The Method 1 is to use the WrapperSimpleApp helper class to launch the application.
This is by far the simplest way to integrate with the Wrapper, and where possible, it is highly recommended.
There are some things to be aware of when using this method however.
When the Wrapper shuts down the JVM, there is no direct call to an application requesting that it shutdown cleanly.
Rather, the Wrapper will exit the JVM by calling System.exit () from within the JVM.
If the application has registered its own Shutdown Hook, it will be invoked, giving the application a chance to shutdown cleanly.
If on the other hand, a Shutdown Hook is not
registered, then the application will suddenly exit like pressing CTRL-C in the console (command window).
Both cases, with and without a Shutdown Hook, provide the exact same behavior as if the application was running without the Wrapper.
When integrating with this Method 1 the
WrapperSimpleApp helper class replaces an application's main class.
This gives the WrapperSimpleApp class a chance to immediately initialize
the WrapperManager and register the JVM with the Wrapper.
The WrapperSimpleApp class then manages all interaction with the Wrapper as well as the life-cycle of an application.
When the Wrapper sends a start message to the JVM via the WrapperManager,
the main method of the application's actual main class is called.
The WrapperSimpleApp helper class is told how to launch the application by passing the application's
main class name, followed by any additional application parameters to the main method of the WrapperSimpleApp.
This section will walk you through a detailed explanation of how to configure
JBoss to run within the Wrapper.
Most other applications can be integrated by following the same steps.
This tutorial will start with a clean install of JBoss.
We used JBoss version 6.0.0.Final so the exact steps may be slightly different depending on the exact version installed.
JBoss was installed in the root directory, D:\,
resulting in a JBoss Home directory of D:\jboss-6.0.0.Final.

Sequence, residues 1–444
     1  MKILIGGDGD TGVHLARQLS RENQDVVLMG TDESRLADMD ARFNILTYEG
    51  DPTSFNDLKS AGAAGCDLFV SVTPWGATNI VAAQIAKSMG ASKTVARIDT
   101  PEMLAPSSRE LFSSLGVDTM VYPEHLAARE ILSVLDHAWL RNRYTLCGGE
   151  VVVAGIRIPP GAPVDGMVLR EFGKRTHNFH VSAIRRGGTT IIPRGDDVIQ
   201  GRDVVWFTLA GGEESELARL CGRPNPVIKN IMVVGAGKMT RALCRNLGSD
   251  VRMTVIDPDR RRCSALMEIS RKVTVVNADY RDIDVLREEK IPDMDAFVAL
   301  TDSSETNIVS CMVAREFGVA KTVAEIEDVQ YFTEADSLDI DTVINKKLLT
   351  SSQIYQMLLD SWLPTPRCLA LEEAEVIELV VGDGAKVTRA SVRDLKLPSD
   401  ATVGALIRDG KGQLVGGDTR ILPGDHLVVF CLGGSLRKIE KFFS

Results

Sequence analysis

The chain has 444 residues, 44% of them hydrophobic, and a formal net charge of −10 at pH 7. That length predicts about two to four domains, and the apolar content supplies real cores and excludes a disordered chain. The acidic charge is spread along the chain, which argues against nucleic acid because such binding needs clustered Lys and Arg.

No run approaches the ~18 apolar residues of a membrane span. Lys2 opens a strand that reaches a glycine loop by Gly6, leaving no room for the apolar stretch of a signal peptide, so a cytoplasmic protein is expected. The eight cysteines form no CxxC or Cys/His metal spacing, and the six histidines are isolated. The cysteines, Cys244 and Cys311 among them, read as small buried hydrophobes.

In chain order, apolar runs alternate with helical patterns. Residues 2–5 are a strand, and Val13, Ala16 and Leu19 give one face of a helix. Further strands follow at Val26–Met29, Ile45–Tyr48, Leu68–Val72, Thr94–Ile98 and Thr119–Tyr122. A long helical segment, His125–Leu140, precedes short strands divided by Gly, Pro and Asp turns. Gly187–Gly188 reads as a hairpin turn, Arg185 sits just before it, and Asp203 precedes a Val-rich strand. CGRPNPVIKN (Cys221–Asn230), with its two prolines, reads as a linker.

Installing Wrapper Files
There are four directories which are required to be configured in order to be able to use the Wrapper.
First, please copy the following files into the JBoss bin directory:
The wrapper.exe file is the actual Wrapper executable.
The three batch files are used to run JBoss in a console, and to install and uninstall it as a Windows Service.
These batch files should not require any modification.
They do assume that the wrapper.conf file will be located
within a conf directory one level up, ../conf/wrapper.conf.
If you wish to place the wrapper.conf file somewhere else,
then the three batch files will require appropriate modification.
Copy the native library into the JBoss bin\native\lib directory in case you plan
to run 32-bit version of JBoss and the Wrapper or bin\native\lib64 directory for 64-bit:
With version 6, JBoss is utilizing the HornetQ Project, hence to that,
the 2 bin\native\lib* directories are existing.
(Earlier versions of JBoss are not having those 2 directories.)
In this case, please copy the native library to JBoss's lib directory.
Finally you also need to copy the wrapper.jar file to JBoss's lib directory:
The wrapper.dll file is a native library
file required by the portion of the Wrapper which runs within the JVM.
The wrapper.jar file contains all of the Wrapper classes.
The Wrapper requires a configuration file
wrapper.conf for each application.
The standard location for this file is in a conf directory in the application's home directory.
JBoss does not have such a directory by default, so we will need to create one.
Please copy the following template file wrapper.conf.in
into the conf directory of JBoss.
Rename the file and be sure to remove the .in
extension as follows so that the file is named wrapper.conf.
You should now have:
If you wish to relocate the configuration file wrapper.conf, you are free to do so.
You will need to modify the batch files copied into the bin directory above, to reflect the new location.
The default configuration file wrapper.conf will place a
wrapper.log file in a logs directory under the application's home directory.
JBoss does not have such a directory by default, so we will need to create one.
You should now have the following directory:
If you wish to place the wrapper.log file in another location,